Due to rehearsals, I am seeing only a handful of the fourth year drama student shows so that I actually have time to review them. The first of these is by 'Man Corner'; a duo consisting of students Oliver Tatt and Alex Doble. Their show, based on those classic themes of love and gender differences, is refreshingly not blokey, as the company name might lead you to believe.
The style of the show (only 30 minutes long) was a mixture of songs, skits, stories, and soul-baring. The show actually starts with them singing a medley of love songs; choices which are as varied as a witty acoustic version of 'Don't You Want Me', 'A New England and 'Hey There Delilah', plus some traditional folk songs. The songs worked really well as a sort of commentary on how love is portrayed in popular culture; our sort of reference points for romantic ideals. They were entertaining but clearly more thought had gone into them. For me, this was a good grounding point for the show as any show about love is on very dangerous ground. I think there are very few writers that have written well on the subject, so Man Corner had given themselves a tough task. Why I think the show works is that it doesn't come to any conclusions about love and it doesn't rely on the old gender cliches.
There's an anecdote the two actors tell referring to the title, in which they meet a beautiful woman in an art gallery. There was an interesting mix of styles in how they delivered their sections of the tale. Tatt's style was confessional whereas Doble's style was very lyrical. Surprisingly the mix actually worked quite well; the rhetorical lyrical aspects reflecting how people self-dramatise their lives and relationships- particularly creative people. I'm not sure whether the anecdote is fictional or not but the setting of the art gallery and the search for a beautiful painting that the character has had on their minds feeds really nicely into the poetic way in which the event is viewed.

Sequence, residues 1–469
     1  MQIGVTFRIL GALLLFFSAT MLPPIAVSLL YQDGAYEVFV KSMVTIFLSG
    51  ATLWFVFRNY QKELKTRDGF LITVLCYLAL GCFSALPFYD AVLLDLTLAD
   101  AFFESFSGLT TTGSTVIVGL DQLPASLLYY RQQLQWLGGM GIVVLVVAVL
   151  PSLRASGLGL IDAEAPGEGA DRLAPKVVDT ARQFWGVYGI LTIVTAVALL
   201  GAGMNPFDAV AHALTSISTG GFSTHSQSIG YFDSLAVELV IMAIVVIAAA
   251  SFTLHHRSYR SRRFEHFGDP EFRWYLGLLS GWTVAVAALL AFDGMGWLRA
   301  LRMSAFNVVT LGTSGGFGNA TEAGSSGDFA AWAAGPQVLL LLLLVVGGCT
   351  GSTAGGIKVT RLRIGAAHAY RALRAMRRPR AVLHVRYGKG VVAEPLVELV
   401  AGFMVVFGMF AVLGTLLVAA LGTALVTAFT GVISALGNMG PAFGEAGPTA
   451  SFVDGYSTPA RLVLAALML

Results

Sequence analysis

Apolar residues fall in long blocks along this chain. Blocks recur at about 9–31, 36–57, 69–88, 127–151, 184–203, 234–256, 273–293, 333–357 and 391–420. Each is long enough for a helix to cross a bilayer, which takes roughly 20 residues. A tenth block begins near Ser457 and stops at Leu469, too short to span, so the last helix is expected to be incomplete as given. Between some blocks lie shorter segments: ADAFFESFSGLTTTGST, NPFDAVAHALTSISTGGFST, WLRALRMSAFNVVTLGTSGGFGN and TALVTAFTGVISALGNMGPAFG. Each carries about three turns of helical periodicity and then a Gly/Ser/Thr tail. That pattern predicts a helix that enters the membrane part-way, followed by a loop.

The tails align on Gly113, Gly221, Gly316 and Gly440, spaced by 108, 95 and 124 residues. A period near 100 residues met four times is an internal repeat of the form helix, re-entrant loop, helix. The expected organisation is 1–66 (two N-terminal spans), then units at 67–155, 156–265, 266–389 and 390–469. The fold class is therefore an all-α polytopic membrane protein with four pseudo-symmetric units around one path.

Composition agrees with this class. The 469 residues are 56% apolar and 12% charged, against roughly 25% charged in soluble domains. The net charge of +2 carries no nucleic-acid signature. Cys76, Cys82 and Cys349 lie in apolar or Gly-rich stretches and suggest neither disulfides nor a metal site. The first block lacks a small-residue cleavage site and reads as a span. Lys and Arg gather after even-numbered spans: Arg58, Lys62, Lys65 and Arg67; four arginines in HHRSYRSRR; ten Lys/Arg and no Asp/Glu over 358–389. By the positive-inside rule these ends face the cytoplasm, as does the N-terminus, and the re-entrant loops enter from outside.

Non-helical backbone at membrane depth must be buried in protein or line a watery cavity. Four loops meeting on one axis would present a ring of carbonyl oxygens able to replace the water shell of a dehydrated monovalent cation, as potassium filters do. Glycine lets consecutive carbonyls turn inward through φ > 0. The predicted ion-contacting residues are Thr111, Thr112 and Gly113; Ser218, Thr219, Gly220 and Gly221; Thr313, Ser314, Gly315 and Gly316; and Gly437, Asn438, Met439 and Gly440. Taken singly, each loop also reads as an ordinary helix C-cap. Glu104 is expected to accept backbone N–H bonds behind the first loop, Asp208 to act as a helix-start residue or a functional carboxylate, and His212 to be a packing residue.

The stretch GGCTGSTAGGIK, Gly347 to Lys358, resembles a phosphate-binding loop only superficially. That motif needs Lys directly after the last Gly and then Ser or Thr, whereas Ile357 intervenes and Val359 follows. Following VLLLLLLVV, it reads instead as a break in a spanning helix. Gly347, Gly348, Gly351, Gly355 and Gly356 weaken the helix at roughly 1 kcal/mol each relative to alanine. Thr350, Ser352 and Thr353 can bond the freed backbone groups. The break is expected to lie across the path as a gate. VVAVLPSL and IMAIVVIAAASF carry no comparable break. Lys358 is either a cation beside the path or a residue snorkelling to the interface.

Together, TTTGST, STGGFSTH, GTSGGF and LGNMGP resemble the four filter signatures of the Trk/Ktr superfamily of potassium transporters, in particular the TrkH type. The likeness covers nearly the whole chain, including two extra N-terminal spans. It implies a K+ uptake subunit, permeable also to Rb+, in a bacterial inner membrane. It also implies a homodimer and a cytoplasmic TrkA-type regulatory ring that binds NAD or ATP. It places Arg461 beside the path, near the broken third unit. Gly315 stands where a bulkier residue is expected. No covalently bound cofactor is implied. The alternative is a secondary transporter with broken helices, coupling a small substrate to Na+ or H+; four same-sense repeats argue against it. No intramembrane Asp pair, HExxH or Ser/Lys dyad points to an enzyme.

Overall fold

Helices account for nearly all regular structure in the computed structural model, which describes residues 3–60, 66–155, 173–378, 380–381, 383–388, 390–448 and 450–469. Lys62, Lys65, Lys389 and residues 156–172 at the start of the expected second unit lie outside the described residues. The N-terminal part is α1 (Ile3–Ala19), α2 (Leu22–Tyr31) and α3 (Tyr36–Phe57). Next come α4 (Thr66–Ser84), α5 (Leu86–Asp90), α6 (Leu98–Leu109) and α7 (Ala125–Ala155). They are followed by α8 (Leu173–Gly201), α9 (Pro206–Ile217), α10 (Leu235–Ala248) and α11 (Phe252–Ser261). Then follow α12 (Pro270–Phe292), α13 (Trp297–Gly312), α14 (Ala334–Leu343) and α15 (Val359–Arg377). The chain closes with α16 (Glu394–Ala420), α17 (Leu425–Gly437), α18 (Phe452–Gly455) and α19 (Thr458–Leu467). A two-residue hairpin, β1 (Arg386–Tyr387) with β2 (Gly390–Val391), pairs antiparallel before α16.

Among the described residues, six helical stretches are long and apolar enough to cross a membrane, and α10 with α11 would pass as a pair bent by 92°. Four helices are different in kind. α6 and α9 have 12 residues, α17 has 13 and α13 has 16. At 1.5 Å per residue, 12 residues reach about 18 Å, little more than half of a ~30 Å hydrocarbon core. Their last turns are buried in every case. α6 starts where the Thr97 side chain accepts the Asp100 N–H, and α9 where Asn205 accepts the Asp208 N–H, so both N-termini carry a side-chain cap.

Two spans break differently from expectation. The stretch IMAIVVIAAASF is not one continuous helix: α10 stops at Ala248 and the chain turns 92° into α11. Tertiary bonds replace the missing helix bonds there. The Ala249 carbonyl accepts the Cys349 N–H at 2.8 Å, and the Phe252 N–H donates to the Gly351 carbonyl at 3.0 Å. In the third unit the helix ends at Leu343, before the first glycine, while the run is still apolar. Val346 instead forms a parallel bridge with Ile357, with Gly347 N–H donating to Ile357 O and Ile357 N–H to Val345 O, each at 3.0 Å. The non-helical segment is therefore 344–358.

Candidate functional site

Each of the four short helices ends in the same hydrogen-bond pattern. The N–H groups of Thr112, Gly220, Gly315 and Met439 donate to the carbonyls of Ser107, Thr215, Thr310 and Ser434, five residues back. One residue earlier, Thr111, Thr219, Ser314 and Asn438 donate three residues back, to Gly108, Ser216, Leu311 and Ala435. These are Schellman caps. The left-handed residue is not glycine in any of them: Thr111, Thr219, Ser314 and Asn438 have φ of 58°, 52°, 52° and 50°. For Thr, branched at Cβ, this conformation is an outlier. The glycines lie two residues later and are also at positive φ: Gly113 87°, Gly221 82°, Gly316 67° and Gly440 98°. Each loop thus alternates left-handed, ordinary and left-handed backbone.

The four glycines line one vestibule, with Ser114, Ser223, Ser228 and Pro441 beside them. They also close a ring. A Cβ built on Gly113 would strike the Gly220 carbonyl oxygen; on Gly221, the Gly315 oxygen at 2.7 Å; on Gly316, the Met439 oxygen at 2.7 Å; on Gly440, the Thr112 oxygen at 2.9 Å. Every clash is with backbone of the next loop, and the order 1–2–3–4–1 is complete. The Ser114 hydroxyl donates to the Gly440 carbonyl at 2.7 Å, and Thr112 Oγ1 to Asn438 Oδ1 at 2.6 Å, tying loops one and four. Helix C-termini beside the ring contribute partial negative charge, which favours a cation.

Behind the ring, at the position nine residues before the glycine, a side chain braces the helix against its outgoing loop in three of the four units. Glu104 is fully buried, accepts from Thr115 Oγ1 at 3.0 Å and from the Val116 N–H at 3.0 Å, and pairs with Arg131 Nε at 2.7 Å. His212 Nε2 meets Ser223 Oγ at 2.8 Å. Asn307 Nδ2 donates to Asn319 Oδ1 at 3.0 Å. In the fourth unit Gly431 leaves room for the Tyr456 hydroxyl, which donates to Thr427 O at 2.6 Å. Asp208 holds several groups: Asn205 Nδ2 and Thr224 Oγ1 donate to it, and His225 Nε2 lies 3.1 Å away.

Any show about love is bound to have some cliches but they're dealt with quite humorously here, such as Tatt talking to a woman and Doble voicing his internal, rather more basic feelings. It was nice to see the dynamic between the two actors; something they play on later when one interrogates the other on big questions about love. Of course it's a play and you can never tell how much of a persona is true but I think the interrogation worked best in the moments when they genuinely did seem to be confessing. There was one scene about insecurities which was actually quite incisive and an interesting look at how people all have some similar insecurities, even if it's more culturally acceptable for a woman to state them.
The show's brevity worked in its favour; I love vulnerable confessional theatre but it means more when it's restrained slightly. You can be meditative without being ponderous and insightful without lecturing the audience and the show is good evidence of this. By creating a show that is essentially a personal scrapbook on love, Man Corner give a much more interesting exploration of love and its obstacles, making the personal moments really stand out against the abstract material.